However, it seems it will be tough to find worthy candidates to replace companies in the index. According to a screen on Multex Investor, there are only 14 U.S.-based companies with a market value of more than $3 billion and a float of at least 200 million shares that are not in the S&P 500 already. Companies like Warren Buffett's Berkshire Hathaway, newspaper publisher Washington Post and Internet company USA Interactive aren't likely candidates because they are not actively enough traded.
So who might pass all the S&P tests? Kraft has potential. The company has a market value of nearly $66 billion. Even though tobacco firm Philip Morris owns the majority of Kraft, there are still more than 250 million shares available to the public.
Biotech firm Genentech makes sense too. It's one of a handful of profitable biotech companies and it has a market value of $17.1 billion. Cox Communications is a contender as well, with a market value of $17.3 billion. Once Comcast's purchase of AT&T's cable division is complete, Cox will be the third-largest cable company in the U.S. And dare we say it, is Amazon.com worthy? It is actively traded, has a market value of $7 billion and is expected to be profitable this year and next.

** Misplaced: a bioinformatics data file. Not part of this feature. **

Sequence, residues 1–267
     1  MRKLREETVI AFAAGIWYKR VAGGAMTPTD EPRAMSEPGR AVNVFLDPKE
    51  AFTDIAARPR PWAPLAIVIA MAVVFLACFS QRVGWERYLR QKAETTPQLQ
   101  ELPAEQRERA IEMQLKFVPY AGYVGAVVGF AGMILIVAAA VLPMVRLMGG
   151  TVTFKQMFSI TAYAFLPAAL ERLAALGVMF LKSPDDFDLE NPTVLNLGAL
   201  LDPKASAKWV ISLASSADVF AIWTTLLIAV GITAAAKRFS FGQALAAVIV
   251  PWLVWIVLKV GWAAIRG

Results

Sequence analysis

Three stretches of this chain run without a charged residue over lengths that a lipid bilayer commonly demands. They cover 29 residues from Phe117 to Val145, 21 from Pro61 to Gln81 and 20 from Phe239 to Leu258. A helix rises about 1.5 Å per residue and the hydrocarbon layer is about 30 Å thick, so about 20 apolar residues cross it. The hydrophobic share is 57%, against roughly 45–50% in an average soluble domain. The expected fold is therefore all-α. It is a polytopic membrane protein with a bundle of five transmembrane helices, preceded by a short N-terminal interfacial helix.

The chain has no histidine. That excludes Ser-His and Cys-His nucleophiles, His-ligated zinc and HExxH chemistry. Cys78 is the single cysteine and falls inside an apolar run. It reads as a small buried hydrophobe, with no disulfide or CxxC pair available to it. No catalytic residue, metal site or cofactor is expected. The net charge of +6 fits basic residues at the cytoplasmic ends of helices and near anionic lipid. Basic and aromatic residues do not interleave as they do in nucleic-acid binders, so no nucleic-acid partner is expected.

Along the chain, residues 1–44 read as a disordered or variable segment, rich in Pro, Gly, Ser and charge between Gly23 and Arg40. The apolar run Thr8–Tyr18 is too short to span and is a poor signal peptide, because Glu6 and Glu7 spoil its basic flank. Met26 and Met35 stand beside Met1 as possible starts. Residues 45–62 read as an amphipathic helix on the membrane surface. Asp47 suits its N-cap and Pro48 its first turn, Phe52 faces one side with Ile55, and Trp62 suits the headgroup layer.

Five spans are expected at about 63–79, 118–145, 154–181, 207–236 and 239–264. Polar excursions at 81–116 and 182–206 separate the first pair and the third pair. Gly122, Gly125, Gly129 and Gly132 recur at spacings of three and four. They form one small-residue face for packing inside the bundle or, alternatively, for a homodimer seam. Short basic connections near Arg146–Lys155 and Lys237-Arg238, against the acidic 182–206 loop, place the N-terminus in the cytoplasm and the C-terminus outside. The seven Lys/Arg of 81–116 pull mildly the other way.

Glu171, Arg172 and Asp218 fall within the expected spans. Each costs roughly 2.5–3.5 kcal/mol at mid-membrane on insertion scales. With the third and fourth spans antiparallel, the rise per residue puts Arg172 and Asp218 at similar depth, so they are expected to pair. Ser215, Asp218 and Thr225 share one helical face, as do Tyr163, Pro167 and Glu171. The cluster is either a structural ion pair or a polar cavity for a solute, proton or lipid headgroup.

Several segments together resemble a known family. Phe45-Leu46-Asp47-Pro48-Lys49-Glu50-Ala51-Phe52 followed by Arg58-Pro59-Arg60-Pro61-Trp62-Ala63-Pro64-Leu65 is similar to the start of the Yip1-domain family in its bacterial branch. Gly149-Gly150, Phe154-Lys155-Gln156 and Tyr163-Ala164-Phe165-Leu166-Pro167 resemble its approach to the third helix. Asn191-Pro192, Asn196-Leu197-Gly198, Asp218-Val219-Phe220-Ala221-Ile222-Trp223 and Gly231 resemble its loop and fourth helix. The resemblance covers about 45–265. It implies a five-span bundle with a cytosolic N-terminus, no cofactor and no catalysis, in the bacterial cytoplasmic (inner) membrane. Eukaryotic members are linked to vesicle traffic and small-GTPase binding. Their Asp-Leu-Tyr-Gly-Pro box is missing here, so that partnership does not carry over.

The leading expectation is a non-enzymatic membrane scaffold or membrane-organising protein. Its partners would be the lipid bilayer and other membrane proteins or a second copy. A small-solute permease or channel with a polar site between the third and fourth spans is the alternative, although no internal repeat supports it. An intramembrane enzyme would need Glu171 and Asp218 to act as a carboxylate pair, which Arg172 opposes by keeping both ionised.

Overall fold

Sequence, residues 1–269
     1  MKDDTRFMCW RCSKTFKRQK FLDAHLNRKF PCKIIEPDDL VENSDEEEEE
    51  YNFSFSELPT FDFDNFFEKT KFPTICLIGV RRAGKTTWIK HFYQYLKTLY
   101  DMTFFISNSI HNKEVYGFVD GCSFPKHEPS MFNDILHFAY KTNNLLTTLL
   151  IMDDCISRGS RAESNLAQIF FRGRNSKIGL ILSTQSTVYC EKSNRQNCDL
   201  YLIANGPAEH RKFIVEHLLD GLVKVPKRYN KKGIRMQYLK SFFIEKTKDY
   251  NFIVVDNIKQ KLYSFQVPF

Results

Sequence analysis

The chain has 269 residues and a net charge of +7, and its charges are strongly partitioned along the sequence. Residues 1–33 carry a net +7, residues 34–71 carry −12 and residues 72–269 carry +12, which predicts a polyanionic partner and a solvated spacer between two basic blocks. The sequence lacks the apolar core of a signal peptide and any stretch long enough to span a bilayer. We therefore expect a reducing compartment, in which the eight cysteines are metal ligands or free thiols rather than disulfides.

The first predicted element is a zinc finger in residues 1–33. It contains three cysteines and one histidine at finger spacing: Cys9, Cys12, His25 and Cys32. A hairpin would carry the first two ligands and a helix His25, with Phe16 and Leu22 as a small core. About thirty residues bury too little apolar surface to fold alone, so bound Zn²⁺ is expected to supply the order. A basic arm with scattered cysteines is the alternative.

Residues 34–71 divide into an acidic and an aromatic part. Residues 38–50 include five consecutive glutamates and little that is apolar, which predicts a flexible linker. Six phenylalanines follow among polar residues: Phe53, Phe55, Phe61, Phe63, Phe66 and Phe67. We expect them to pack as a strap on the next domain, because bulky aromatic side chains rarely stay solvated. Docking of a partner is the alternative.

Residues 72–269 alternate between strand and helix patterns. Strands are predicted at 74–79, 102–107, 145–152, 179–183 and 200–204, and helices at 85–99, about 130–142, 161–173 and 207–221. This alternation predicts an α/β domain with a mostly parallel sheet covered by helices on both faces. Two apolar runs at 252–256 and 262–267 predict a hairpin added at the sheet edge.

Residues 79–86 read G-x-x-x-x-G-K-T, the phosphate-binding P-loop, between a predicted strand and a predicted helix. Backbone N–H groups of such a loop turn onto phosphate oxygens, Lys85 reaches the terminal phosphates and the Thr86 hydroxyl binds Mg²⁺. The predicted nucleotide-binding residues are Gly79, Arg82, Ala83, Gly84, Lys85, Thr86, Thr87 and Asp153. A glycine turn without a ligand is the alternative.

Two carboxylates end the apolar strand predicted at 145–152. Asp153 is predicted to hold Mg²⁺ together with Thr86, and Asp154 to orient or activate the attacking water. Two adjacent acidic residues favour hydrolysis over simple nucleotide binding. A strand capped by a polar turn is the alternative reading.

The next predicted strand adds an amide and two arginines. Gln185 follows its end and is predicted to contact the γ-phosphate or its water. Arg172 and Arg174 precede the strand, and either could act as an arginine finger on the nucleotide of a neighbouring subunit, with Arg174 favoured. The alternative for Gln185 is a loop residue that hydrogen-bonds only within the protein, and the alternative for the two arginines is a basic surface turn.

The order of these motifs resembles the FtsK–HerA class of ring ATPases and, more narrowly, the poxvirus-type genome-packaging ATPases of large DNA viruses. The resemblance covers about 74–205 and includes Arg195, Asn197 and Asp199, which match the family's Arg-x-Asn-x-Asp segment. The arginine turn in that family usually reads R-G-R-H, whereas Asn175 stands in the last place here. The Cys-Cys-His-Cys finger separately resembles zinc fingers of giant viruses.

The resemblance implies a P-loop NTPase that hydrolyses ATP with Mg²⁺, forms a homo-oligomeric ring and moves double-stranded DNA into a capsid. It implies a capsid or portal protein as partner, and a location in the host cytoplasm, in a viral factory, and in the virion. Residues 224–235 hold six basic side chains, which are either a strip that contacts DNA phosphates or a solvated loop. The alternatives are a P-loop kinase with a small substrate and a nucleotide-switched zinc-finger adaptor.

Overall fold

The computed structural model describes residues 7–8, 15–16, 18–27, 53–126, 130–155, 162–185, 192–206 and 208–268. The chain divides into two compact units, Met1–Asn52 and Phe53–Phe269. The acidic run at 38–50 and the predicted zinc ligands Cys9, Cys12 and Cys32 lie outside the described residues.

But Blitzer says the index committee members often look for industries that are not well represented. That could open up the door for smaller companies like AutoNation, which is the largest independent auto dealer, with a market value of $3.2 billion. There are no auto dealers in the S&P 500. Likewise, there are no pharmacy benefit managers in the index, which means that a company like Caremark Rx, which has a market value of $4.2 billion, could be strongly considered.
It's unlikely that S&P will make massive changes to the index for fear of the disruptive effects that could have on the market. And Blitzer says he's always hesitant to remove a stock because he is worried that it will subsequently recover. But there will be more changes simply because there is more pressure from S&P 500 index fund managers to get rid of poorly performing stocks.
"Clearly, if we take a stock out at $2, and 6 months later it's trading at $10, we look silly and people who invest in the index will say, 'I missed a five-times gain'. But in talking to people who run index funds, the vast majority of managers say take the low-priced stocks out," Blitzer says.